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‘ [144] effect, with little loss, an enterprise of great hazard, against a superior force supported by artillery, when the least wavering or hesitation on our part would have been attended with great loss.’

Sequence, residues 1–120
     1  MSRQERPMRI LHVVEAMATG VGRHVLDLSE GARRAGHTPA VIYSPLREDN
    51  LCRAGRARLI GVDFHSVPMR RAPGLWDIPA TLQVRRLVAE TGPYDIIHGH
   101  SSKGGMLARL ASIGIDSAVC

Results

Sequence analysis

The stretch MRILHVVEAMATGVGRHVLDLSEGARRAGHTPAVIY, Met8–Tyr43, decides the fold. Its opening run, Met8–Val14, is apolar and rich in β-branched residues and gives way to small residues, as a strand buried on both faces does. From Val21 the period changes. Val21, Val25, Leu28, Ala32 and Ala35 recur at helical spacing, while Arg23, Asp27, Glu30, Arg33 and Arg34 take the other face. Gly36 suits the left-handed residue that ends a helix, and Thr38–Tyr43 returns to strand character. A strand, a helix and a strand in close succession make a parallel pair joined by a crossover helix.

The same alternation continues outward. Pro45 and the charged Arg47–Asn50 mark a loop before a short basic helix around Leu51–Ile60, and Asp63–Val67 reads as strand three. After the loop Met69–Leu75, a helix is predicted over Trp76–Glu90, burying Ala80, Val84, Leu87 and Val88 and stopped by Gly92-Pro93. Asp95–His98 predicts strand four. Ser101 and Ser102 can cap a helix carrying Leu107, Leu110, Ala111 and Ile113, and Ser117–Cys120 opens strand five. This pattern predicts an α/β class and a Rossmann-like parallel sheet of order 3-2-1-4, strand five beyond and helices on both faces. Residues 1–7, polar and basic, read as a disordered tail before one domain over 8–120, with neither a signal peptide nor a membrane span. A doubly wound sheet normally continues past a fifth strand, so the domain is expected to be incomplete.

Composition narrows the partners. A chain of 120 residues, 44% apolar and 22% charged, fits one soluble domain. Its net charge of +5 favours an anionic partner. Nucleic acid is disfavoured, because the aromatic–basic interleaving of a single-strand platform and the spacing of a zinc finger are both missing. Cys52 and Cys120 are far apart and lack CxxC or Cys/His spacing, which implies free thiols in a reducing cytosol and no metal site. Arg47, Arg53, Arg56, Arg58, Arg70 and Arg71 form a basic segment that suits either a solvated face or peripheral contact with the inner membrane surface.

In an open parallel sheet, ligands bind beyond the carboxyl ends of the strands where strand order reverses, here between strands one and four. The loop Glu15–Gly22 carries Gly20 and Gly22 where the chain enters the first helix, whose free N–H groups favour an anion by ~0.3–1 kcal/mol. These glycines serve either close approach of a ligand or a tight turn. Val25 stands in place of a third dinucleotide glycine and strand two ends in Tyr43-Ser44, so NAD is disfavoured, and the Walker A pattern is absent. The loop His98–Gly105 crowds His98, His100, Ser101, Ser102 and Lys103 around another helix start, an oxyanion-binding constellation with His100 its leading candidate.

At the evacuation of Yorktown the night of May 3, 1862, the regiment, then incorporated in General Early's brigade, marched out of the works that they had held for more than a month, and, passing through Williamsburg the next day, encamped a mile or two beyond. The following morning, May 5th, the booming of cannon beyond Williamsburg announced that McClellan's advance had reached the Confederate rear, and Early's brigade was marched back through Williamsburg, and during the afternoon advanced to the scene of action. The Second Florida was taken to the Confederate right and thrown into line of battle. In this, their first general engagement, they advanced with the steadiness of veterans across an open field, under a heavy fire from the enemy. On reaching the fallen timber where the enemy was posted, the regiment halted and opened fire. It was here that the fatal bullet pierced the heart of Colonel Ward and terminated the life of that gallant and heroic soldier and accomplished gentleman. The enemy now showing strength on the Confederate right, the regiment was ordered back across the field, where they were reformed by Lieutenant-Colonel Rogers, ably assisted by Lieut. Seton Fleming, acting adjutant. They were advanced to a position along an old line of fence, almost midway of the field. The position of the regiment was soon after changed to face a flanking force of the enemy, and while in this position a party consisting of Captains Call and Brevard, Lieut. Seton Fleming, Sergt. B. M. Burroughs, Corporals D. E. Maxwell and E. W. Burroughs, with a guard of five or six men under Capt. E. A. Perry, advanced to the front for the purpose of recovering the body of Colonel Ward, which was lying where it fell, between the lines of the contending armies. Despite a steady

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